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UT Martin's Kaci Fuller Quietly One Of Nation's Top Hitters

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(Photo by UT Martin)

In high school, Kaci Fuller began to realize the true skills she possessed as a hitter. The daughter of Jody, a 1998 draft pick of the Arizona Diamondbacks and member of the University of Tennessee-Martin Hall of Fame, and Amy, a former head softball coach at UTM, Fuller quickly became known for her team-leading batting average in high school.

During her sophomore year at Huntingdon High School in Tennessee, she posted a .505 batting average, six home runs and 44 RBIs. As a junior, Fuller batted .687 with nine doubles, 12 triples and six home runs en route to earning recognition on the 2019 All-West Tennessee Team.

After her senior season was canceled by Covid, she committed to play for the Skyhawks and immediately made an impact. Fuller earned a spot on the All-Ohio Valley Conference Second Team after posting a batting average of .382 as a freshman. She followed up that performance as a sophomore with a .388 batting average and a .429 on-base percentage. Quickly making a name for herself in the OVC, Fuller paced a talented, yet small program that improved to a conference championship contender under head coach Brian Dunn.

But, despite recording a hit nearly 40% of the time during her first two seasons of college softball, Fuller still felt like there was more she could do to improve her performance at the plate.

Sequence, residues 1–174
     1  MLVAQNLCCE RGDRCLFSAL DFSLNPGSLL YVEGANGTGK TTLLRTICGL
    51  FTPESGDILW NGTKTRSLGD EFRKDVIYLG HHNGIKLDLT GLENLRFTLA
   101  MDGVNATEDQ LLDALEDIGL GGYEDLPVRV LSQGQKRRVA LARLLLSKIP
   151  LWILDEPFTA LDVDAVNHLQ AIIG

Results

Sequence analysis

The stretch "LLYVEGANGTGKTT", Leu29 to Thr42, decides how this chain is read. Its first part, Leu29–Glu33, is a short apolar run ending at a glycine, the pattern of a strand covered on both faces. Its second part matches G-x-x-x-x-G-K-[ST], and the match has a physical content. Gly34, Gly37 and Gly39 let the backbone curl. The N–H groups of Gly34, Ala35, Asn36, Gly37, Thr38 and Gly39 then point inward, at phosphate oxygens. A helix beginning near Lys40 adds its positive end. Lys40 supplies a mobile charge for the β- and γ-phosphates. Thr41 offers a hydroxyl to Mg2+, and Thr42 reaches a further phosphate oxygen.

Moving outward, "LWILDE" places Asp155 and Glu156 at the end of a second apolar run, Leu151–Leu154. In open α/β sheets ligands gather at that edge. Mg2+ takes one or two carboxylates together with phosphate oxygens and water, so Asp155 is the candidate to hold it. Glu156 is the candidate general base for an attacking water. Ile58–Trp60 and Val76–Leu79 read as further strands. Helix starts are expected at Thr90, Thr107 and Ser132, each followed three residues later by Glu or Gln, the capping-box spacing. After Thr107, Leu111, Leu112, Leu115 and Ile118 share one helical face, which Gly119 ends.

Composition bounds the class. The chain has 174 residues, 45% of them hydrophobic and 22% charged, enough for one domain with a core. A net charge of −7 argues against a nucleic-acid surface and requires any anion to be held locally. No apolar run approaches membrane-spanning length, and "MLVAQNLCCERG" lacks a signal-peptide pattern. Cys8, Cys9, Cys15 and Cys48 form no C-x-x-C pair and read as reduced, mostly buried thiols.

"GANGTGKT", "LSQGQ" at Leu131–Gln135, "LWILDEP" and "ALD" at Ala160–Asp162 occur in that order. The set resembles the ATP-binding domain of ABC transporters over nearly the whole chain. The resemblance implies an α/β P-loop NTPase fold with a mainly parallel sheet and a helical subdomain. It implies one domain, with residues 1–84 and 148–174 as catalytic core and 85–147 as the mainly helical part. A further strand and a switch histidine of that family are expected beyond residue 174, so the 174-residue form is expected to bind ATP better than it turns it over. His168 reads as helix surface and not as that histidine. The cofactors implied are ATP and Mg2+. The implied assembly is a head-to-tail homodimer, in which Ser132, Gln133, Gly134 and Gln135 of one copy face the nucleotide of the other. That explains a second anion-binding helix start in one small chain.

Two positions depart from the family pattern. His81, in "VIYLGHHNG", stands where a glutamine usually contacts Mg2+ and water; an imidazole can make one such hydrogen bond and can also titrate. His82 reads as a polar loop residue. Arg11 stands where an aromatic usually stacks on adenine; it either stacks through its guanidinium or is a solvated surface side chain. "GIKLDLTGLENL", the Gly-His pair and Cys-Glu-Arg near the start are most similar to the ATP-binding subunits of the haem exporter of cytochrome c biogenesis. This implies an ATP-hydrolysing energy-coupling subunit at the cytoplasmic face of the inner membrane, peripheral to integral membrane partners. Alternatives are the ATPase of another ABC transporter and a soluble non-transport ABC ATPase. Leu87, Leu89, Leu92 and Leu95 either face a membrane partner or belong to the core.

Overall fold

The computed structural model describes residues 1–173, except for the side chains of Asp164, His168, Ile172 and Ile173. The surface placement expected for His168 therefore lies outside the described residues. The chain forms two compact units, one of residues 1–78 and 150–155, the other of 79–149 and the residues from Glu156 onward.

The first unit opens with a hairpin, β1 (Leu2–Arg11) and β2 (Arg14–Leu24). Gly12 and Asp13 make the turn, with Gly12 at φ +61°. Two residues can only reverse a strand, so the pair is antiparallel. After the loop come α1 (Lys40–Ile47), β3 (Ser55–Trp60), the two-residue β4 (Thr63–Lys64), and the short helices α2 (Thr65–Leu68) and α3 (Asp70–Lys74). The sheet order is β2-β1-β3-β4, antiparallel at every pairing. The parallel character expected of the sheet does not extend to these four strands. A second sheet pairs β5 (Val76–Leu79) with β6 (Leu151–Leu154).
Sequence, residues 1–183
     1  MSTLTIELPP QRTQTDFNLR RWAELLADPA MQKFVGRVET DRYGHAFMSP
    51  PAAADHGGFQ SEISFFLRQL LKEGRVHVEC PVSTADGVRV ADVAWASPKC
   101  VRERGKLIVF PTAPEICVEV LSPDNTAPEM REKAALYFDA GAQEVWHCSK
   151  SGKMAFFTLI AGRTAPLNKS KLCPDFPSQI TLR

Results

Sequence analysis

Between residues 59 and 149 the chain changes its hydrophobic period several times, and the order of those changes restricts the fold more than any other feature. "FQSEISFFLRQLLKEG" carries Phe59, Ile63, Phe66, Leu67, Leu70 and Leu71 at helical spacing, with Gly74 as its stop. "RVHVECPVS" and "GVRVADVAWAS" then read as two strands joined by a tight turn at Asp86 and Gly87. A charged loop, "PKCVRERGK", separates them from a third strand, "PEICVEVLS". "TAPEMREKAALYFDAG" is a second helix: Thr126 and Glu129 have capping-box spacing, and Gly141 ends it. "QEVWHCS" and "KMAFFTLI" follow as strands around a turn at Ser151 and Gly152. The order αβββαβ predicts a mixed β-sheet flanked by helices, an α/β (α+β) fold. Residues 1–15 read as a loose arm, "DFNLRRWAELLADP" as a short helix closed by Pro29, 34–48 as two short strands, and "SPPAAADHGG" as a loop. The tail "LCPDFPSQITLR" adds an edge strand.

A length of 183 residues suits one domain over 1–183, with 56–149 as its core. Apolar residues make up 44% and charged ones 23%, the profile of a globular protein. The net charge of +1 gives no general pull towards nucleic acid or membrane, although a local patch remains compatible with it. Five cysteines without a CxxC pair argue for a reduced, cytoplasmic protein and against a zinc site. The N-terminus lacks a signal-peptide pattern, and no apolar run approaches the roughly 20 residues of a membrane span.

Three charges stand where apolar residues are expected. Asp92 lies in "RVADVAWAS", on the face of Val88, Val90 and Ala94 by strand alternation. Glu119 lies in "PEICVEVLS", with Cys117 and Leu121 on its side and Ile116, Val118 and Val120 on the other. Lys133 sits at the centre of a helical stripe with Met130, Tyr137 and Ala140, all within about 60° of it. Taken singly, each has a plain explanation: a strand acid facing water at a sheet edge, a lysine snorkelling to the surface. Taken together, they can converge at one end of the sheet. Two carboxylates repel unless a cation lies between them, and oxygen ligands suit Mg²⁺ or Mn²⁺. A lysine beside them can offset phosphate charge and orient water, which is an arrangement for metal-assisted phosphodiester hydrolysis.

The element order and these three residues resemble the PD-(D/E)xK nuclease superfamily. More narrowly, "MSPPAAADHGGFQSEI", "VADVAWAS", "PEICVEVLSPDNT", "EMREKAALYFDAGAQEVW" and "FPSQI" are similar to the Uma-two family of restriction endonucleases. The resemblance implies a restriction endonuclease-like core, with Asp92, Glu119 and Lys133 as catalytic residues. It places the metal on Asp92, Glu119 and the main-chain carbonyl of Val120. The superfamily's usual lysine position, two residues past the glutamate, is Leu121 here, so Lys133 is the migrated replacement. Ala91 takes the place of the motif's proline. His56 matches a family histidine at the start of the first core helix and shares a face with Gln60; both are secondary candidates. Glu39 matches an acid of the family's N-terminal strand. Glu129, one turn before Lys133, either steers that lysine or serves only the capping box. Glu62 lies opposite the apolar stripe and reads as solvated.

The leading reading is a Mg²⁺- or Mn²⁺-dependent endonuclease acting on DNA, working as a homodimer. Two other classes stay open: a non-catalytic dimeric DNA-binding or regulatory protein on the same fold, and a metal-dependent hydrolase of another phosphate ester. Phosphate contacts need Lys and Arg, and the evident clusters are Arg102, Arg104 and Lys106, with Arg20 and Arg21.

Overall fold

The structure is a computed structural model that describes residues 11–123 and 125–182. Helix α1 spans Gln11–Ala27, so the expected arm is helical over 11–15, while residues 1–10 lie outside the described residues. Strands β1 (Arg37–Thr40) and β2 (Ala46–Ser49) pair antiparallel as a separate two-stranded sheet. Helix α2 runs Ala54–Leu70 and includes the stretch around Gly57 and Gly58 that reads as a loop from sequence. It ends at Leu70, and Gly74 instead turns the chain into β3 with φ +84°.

“What can I do to grow what I've learned from my parents and learn from someone else as well?” Fuller thought.

She had never sought out a hitting coach or hitting lessons before last offseason. Her parents would help coach her as a slapper in high school, and she would return home every few weeks in college for advice and lessons.

Before this year, with a smaller team—and injuries ultimately cutting down the roster to 14 players—Fuller wanted to take her swing to the next level and figure out how to “enjoy hitting more.”

“I think the season this year has been me trying to be myself, but also having fun while I'm doing it,” Fuller said.

She and her parents found a local hitting coach that she has gone to once a week since the end of last season. Fuller wanted to slow down her approach and mitigate midseason slumps that had hindered her in the past. Each time Fuller steps into the batter’s box, she takes a deep breath and turns her mind off. As someone who can get overwhelmed by thinking nonstop, getting in her own head before the pitch is even thrown, it’s better for Fuller’s mind to go blank and focus on the situation at hand: slap hit to the gaps, bunt, ground ball up the middle, swing away.

She tells herself to stay through the ball, which she’s struggled with before. Then, sometimes she’ll hum her walk-up song to help her calm down.

Then, she remembers what her hitting coach has taught her. The offseason was a time for Fuller to work on myriad aspects of her offensive approach. From where her hands and feet were in the box to staying through the ball, Fuller made sure everything was ironed out before the start of her junior year.

“We worked on, firstly, the fundamentals of keeping my bat back and going straight to the ball,” Fuller said.

The revamp of Fuller’s swing has catapulted her to the top of national hitting statistics. Though the Skyhawks are reeling from injuries and experiencing a down year, Fuller currently ranks 26th in the country in batting average and is one of just 67 batters with an average over .400. She’s currently ranked 50th in the nation with a .738 slugging percentage, one that jumped 235 points from last year.

All the work she's put in has her swing in a more compact place and her mind at rest in the box.

“If I start hitting in a slump, I can get out of it because I know adversity comes and goes,” Fuller said. “You just have to beat that adversity.”

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